A Plan 23 circulates process water in a loop between the seal cooler and seal chamber. Using the same seal cooler and cooling water flow rate as the Plan 21, the annual cooling water costs for the Plan 23 is $800. However, because there is minimal intermixing of hot process water into the seal chamber, the heat soak power requirements are notably less than the Plan 21’s heat soak—4.4 kW versus 86.3 kW. This low heat soak reduces the total annual cost to operate the Plan 23 to $2,170, a 91% reduction of the cost to operate the Plan 21.
Injecting the Plan 32 external flush of cool water into the seal chamber of the same boiler feed pump application has the lowest direct cost for cool water consumption at $537. This cost is lower because the cool water flush is injected directly into the seal chamber and requires a lower flow rate to provide adequate cooling than the cooling water flowing through the seal cooler in both the Plan 21 and Plan 23. The direct injection of cool water into the seal chamber requires 42 kW of power to offset the heat soak and accounts for a total annual cost of $12,213. This operating cost is half that of the Plan 21, but more than five times that of the Plan 23. These cost calculations assume the Plan 32 flush source is at a sufficient pressure above the process pressure.
Comparison of the total annual costs calculated in the Fluid Sealing Association’s LCC Estimator of the three seal flush plans (Table 1) show the Plan 23 is the least expensive flush plan to operate due to it being the most thermally efficient with the least heat soak. The Plan 23 does have physical constraints, and some pumps do not have the axial or radial space to accommodate the required seal chamber throat bushing and pumping device needed for this flush plan to operate effectively.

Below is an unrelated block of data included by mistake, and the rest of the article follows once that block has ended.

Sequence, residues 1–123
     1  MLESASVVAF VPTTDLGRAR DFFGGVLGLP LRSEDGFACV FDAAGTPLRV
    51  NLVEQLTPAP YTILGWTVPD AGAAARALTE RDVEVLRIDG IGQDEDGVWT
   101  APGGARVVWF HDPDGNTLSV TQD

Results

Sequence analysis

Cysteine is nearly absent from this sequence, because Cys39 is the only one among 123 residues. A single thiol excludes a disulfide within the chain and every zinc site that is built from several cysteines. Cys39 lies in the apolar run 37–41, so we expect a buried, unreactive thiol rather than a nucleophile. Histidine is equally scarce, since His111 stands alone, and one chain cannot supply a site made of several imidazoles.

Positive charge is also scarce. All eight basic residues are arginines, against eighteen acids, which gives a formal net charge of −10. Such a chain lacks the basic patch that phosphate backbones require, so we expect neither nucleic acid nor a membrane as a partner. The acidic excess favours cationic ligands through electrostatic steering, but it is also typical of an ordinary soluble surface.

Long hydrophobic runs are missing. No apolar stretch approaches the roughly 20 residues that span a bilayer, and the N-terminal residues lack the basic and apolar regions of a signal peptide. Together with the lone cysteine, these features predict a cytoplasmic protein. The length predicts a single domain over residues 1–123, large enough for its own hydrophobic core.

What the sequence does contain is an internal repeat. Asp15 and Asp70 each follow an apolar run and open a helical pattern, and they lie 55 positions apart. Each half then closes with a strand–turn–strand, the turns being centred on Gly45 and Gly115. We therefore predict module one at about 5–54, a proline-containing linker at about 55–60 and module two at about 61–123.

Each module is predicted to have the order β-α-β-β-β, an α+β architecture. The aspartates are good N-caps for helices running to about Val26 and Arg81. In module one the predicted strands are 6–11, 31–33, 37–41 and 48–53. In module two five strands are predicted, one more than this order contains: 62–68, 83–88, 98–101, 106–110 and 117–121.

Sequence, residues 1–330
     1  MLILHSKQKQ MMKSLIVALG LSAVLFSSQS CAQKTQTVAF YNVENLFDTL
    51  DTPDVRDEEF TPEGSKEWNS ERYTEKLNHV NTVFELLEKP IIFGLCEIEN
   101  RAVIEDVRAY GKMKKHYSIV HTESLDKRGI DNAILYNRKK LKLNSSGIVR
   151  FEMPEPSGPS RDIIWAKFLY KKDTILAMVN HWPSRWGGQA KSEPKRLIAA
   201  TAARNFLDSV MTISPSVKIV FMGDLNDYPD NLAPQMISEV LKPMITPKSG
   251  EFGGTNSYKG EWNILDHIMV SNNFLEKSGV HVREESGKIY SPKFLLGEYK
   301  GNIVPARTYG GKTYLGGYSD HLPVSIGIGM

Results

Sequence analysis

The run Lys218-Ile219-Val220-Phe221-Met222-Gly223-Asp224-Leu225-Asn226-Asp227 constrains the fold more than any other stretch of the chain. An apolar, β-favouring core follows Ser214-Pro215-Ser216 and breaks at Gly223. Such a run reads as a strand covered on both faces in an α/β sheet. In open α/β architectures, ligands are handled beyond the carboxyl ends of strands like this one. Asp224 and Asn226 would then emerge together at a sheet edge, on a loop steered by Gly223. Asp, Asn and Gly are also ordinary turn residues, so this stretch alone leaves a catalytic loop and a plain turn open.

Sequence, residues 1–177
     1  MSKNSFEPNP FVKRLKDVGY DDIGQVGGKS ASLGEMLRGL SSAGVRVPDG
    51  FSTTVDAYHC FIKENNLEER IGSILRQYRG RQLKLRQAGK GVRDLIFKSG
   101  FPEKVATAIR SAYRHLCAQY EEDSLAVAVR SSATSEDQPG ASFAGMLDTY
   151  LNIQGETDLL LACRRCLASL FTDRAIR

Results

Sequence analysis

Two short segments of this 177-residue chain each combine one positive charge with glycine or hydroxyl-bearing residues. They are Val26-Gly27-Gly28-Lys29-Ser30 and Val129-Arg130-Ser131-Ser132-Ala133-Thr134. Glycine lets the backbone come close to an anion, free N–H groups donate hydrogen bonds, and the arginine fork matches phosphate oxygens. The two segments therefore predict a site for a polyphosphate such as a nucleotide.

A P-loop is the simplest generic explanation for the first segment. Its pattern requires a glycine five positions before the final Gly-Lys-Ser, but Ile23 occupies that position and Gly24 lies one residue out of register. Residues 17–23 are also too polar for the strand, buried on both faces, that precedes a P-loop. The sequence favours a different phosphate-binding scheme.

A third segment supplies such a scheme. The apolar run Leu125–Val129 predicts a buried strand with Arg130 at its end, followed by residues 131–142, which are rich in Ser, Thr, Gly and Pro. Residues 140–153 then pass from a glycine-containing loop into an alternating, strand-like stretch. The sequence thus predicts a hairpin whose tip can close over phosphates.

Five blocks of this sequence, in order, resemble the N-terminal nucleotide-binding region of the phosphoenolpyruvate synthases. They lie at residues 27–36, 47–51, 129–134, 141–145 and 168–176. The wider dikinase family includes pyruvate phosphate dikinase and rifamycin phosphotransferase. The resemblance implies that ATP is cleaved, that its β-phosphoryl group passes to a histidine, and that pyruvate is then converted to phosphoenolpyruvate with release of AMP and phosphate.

The Plan 21 is the least thermally efficient flush plan, making it the most expensive to operate, but only requires a seal chamber throat bushing and does not require any flow modifiers added to the mechanical seal. This makes the Plan 21 an option in pumps where a Plan 23 may not fit. The Plan 32, as analyzed in this example, is the median operating cost flush plan, and like the Plan 21, only requires a bushing in the throat of the seal chamber, allowing it to fit in most pumps. Note the Plan 32 calculations assume the external flush supply is at a sufficient pressure that does not require the additional cost to operate a pump to boost the Plan 32 supply pressure.
When working with a seal vendor to select the best sealing solution for an application, it is best to review not just the application’s normal operating conditions, but should include relevant application of conditions, any local plant guidelines, governmental emissions requirements and the available plant resources required for different seal support piping plans. Knowing all the available resources to support the sealing solution will allow a better review of the possible solutions, which will lead to an efficient sealing solution that will operate reliably throughout its lifetime.